Review: Brian Joss
At the start of World War II South Africa had its fair share of Nazi sympathisers who were opposed to Jan Smuts’s decision to join the British war effort. By 1941 thousands of young Afrikaner men joined Hans van Rensburg and his Ossewabrandwag (OB) who postulated a Nazi future for South Africa. The former Springbok boxer, Robey Leibbrandt was a committed Nazi, who after the 1936 Olympics, remained in Germany. Later the boxer, code-named Walter Kempf, landed off the Namaqualand coast and was ordered by Germany to contact Afrikaner extremists and assassinate Smuts. The mission almost succeeded and Leibbrandt was sentenced to death for treason but Smuts later commuted the sanction to life imprisonment.
Many OB members were interned at Koffiefontein by the Smuts government. Among them were John Vorster and Hendrik van den Berg who became Prime Minister and head of Boss respectively. The Ossewabrandwag was later reincarnated as the Afrikaner Weerstand Beweeging by the late Eugene Terreblanche, once a police bodyguard to Vorster.
Using this dark chapter of South African history as background, Featherstream, the debut novel by Cape Town author Ian Sutherland, is an intriguing tale featuring UCT Fine Arts student Anna van der Vliet who uncovers an Ossewabrandwag plot to blow up Parliament, where her father Stephanus is an MP, and inaugurate a pro-Nazi Afrikaner government.
Driving home for the holidays to the family farm near Cape Agulhas with her mentor Kleinjan, the farm foreman and her father’s factotum, she notices a series of flashes coming from beyond Quoin Rock which she realises is Morse Code that she learnt at university as an extra subject.
Back at the farmhouse Anna is surprised to see her father entertaining two strangers, Germans, Thomas Von Eisenheim and his colleague Kurt Streicher, ostensibly to sell harvesters to farmers which will help them cut labour costs. The reality, however, is somewhat different. Anna decides to take a stroll along the dune walk to Skulpiestrand, a deserted cove which hasn’t been used in years. Her mother Julia, who died when Anna was in Standard Four, went there to collect shells but it was too dangerous and Anna was forbidden to visit it. Anna notices signs of human activity but her father believes she is imagining things. Later when Anna returns to the cove she see Kleinjan helping some men to load provisions on a U-boat which has been lying off the coast.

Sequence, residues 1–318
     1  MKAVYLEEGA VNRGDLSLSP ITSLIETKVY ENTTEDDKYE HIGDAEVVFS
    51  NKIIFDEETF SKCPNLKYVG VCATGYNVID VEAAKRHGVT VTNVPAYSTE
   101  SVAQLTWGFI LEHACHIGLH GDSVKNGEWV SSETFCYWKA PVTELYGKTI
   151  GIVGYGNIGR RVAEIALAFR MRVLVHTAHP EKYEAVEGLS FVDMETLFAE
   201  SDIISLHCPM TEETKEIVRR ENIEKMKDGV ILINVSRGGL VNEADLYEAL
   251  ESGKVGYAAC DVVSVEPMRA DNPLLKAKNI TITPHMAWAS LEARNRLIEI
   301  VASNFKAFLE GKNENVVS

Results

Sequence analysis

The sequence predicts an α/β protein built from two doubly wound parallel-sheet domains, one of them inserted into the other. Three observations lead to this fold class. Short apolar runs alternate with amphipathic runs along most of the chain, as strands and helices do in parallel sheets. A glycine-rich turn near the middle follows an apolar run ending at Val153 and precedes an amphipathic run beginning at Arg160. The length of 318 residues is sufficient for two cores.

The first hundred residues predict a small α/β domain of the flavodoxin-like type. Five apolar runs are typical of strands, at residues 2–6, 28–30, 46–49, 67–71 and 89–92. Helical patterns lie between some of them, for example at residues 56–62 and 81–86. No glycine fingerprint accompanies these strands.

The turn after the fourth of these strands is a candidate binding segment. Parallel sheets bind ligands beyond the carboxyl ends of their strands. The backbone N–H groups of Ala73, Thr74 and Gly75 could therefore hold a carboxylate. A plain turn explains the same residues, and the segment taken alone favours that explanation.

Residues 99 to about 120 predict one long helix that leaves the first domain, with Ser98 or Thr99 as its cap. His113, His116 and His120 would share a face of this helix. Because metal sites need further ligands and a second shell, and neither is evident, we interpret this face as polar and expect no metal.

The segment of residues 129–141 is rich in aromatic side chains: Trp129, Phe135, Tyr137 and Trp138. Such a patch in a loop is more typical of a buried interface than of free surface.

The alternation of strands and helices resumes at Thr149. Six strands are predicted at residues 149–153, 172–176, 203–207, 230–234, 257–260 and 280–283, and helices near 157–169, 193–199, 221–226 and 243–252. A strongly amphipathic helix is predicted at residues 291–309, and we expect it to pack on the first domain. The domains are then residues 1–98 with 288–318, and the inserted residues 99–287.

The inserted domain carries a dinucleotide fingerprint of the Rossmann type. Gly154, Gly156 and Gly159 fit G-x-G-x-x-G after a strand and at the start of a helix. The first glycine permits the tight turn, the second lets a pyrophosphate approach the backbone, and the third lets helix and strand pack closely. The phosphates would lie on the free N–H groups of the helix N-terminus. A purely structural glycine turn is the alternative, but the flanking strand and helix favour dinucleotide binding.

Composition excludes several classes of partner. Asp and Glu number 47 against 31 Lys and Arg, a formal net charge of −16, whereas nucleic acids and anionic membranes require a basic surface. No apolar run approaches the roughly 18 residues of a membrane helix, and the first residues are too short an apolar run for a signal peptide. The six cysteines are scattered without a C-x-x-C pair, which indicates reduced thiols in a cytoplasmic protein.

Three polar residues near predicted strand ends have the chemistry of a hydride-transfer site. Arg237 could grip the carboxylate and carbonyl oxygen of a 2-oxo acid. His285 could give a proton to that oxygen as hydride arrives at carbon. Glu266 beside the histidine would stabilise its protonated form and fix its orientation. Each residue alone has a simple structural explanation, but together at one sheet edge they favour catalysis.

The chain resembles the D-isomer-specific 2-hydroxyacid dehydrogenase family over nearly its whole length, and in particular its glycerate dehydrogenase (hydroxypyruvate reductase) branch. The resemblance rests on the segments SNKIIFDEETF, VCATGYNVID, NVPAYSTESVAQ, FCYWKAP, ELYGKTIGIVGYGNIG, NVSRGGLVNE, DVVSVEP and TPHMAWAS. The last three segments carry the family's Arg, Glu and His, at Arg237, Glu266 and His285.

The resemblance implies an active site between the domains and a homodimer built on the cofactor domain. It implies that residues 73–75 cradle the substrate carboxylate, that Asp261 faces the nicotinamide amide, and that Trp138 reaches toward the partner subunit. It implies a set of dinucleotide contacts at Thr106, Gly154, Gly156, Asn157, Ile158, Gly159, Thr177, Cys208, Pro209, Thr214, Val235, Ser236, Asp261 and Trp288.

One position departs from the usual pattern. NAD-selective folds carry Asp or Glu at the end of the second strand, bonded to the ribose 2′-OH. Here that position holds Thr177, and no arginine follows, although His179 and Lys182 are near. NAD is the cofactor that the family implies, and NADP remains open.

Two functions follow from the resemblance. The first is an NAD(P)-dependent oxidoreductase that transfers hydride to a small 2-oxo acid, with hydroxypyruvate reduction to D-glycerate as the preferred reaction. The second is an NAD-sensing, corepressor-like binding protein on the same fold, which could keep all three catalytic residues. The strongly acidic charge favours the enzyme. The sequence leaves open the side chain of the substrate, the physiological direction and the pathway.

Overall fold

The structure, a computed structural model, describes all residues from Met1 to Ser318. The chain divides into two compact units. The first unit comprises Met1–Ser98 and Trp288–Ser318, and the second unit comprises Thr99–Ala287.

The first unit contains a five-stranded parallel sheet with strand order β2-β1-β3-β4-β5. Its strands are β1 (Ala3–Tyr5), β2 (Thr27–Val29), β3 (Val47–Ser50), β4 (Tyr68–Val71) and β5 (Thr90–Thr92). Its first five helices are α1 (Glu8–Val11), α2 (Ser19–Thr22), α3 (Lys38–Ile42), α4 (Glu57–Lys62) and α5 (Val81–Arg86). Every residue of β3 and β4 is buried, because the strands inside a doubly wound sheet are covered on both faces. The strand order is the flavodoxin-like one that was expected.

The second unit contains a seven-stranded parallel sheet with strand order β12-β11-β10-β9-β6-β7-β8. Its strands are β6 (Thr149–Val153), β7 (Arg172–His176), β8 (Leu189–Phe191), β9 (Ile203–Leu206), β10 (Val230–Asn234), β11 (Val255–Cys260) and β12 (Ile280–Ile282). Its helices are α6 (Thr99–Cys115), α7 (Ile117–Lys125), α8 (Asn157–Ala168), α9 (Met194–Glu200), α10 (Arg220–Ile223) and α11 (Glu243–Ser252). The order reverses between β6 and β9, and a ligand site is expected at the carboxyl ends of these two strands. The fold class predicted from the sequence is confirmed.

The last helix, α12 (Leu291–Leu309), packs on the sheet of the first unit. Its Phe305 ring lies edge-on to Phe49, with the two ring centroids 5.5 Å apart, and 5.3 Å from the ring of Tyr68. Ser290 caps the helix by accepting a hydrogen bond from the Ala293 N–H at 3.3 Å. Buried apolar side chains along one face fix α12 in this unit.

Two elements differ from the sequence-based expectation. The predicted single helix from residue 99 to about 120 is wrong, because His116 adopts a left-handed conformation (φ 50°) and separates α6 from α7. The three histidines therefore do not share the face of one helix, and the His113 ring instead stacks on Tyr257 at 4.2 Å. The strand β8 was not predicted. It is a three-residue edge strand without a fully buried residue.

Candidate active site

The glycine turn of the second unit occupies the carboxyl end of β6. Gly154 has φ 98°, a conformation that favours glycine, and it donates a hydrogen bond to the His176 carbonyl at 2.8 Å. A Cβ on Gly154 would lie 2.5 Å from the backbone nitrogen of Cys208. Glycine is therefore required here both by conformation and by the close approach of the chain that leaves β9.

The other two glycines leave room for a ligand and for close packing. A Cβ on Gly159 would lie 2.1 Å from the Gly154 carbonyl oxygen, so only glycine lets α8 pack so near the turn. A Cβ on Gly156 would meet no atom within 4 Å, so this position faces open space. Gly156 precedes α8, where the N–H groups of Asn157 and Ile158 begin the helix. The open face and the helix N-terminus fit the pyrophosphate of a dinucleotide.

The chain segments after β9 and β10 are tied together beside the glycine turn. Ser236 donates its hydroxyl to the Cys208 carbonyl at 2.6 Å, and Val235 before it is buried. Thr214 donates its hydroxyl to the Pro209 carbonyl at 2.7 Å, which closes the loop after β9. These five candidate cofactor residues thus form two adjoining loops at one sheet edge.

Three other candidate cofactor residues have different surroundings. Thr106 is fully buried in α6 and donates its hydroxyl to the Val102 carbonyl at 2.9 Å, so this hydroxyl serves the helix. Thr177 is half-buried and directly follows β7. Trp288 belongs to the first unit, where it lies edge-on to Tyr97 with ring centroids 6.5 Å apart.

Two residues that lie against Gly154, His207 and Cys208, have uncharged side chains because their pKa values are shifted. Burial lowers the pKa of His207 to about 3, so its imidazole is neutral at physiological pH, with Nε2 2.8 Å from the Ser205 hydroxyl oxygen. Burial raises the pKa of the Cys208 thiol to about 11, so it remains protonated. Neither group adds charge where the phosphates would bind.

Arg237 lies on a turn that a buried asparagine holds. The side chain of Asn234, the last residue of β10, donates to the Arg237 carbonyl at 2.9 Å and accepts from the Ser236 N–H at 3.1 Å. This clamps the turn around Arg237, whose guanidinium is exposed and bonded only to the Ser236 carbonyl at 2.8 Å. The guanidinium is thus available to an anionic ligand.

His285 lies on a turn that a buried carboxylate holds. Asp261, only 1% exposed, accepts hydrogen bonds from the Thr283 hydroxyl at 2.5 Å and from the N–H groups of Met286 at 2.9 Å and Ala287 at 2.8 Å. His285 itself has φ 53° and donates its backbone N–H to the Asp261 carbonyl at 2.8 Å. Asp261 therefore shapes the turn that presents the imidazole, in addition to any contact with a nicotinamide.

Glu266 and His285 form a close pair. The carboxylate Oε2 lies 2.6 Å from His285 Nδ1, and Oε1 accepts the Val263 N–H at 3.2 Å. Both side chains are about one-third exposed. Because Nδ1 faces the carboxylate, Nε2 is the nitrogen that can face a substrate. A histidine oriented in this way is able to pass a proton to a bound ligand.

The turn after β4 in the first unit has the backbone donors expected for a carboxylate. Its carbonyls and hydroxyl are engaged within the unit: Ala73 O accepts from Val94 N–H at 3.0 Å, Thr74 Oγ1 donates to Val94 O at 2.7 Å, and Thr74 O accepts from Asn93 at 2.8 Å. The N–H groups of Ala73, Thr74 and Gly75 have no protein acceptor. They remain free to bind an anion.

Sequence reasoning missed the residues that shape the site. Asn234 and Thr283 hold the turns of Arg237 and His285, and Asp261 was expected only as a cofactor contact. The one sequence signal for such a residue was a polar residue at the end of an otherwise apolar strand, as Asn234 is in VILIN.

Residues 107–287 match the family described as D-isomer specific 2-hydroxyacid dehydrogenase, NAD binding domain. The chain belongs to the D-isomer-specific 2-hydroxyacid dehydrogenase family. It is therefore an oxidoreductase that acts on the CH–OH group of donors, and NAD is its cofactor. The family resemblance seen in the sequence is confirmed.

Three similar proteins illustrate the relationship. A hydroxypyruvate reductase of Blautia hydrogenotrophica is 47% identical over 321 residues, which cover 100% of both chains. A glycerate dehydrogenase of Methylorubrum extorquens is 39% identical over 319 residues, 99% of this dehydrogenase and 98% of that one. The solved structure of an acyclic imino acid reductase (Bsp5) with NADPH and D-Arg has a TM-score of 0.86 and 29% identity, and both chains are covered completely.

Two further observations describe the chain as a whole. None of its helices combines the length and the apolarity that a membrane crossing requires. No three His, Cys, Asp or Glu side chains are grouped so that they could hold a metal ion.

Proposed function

Anna is torn between her loyalty to her country and her love for her father with whom she has a tempestuous relationship and considers reporting him to the authorities, knowing full well that he’s committing treason and the sentence is death. To complicate matters she has fallen in love with Von Eisenheim, the handsome U-boat commander, dividing her loyalties even further. And Stefanus does not approve of the relationship.
Meanwhile Anna’s childhood sweetheart, Fanus, now a lawyer and heir to the Prinsloo fortune, still wants to marry her and promises her the world. But Fanus is not what he seems. Anna uncovers a plot to blow up Parliament (shades of Guy Fawkes) and she finds boxes of dynamite in a tunnel in the Company’s Garden. Still Anna is torn and she seeks help from unexpected sources. But it doesn’t help to resolve her dilemma. She also knows it will probably lead to the death of Von Eisenheim.
Some strange characters stride through the pages of Featherstream including Mannie February, the communist who advises Anna to tell the authorities what she knows; Detective Sergeant De Villiers who is determined to put Anna and her father behind bars; Streicher, the other German; and his henchman, the brutal PJ. There’s kidnapping; blackmail and a race against time with to prevent the Ossewabrandwag from blowing up Parliament which is in session and will lead to the deaths of hundreds of people, including Anna’s father. Von Eisenheim becomes a hero of sorts and manages to evade police roadblocks and Anna’s watches in despair from Skulpiestrand as her “Nordic god” sails off into the sunset.
While Featherstream is not a white-knuckle thriller, Sutherland’s novel has all the ingredients for a good read: kidnapping, shootouts, intrigue and romance, a car chase and a surprise ending. At times though, the dialogue seems a bit stilted and old-fashioned. But it is in keeping with the time and place. Sutherland’s is a name to watch in the future and I am looking forward to his next offering.
A featherstream is the wake left by a submarine as it sinks beneath the ocean and the cover is by Dylan Lewis, one of South Africa’s foremost sculptors. You can see his famous Sculpture Garden in Paradyskloof, Stellenbosch, and his work has been on show at the Knysna Art Gallery.